Transient Acoustic Cavitation In Gallstone Fragmentation: A Study Of Gallstones Fragmented In Vivo

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Ultrasound In Medicine And Biology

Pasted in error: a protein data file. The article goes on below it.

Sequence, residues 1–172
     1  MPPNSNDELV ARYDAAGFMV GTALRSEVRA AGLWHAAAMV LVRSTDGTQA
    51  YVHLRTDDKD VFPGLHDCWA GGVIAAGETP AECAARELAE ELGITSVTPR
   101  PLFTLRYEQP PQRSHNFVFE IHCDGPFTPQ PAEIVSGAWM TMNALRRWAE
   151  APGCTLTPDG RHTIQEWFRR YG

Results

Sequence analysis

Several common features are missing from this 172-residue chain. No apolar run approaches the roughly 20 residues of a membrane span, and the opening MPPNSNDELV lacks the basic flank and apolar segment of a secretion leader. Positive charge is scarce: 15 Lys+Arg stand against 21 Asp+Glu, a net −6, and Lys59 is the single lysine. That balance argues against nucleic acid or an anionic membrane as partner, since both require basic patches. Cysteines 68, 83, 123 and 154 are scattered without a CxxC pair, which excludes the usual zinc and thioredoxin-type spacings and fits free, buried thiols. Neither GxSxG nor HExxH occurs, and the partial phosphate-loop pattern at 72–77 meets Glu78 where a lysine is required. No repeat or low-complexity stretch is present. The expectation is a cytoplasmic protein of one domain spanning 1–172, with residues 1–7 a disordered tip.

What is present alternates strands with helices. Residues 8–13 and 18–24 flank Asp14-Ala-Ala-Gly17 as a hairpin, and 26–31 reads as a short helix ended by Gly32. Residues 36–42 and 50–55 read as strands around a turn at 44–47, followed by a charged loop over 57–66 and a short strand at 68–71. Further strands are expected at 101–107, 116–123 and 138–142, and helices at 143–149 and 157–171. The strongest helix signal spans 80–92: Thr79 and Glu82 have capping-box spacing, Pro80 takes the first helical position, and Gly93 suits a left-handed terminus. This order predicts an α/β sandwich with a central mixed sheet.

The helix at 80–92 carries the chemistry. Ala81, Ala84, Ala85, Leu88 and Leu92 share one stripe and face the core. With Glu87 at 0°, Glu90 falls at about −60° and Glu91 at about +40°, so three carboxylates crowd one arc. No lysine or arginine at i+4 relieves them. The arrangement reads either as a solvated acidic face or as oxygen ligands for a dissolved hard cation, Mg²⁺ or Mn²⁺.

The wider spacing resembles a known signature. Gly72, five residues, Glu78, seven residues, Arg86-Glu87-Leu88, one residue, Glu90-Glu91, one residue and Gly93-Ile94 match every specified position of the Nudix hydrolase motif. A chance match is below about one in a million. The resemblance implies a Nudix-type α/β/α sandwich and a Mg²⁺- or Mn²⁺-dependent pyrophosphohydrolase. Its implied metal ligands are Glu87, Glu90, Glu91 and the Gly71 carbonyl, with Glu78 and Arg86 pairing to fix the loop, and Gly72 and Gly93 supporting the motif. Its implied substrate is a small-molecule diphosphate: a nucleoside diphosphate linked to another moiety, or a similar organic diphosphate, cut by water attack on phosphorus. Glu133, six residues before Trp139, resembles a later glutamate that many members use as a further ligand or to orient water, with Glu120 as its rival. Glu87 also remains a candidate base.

The mechanism of gallstone fragmentation by shock waves in vivo is uncertain. We used scanning electron microscopy to study 9 partially fragmented stones obtained from 6 patients who underwent lithotripsy and subsequently had surgery because of incomplete fragmentation. Surface characteristics of the stone were studied using scanning electron microscopy and compared to gallstones fragmented in degassed water in vitro and to control stones obtained from patients with uncomplicated cholelithiasis. Characteristic damage caused by transient acoustic cavitation was visible in all stones fragmented in vivo and in vitro as pits 10-100 microns diameter. In these pits, cholesterol crystals were fractured, and the symmetry of crystal boundaries was damaged. In areas of more severe damage, individual pits coalesced to form craters on the stone surface. High magnification of the pit walls revealed cracks, which in some instances radiated out onto the unpitted surface of the stone. We conclude that transient acoustic cavitation plays a role in gallstone fragmentation in vivo through the mechanism of surface pitting and the formation of cracks that radiate outward from the surface pits. Measures to enhance cavitation may improve the results of gallstone lithotripsy.

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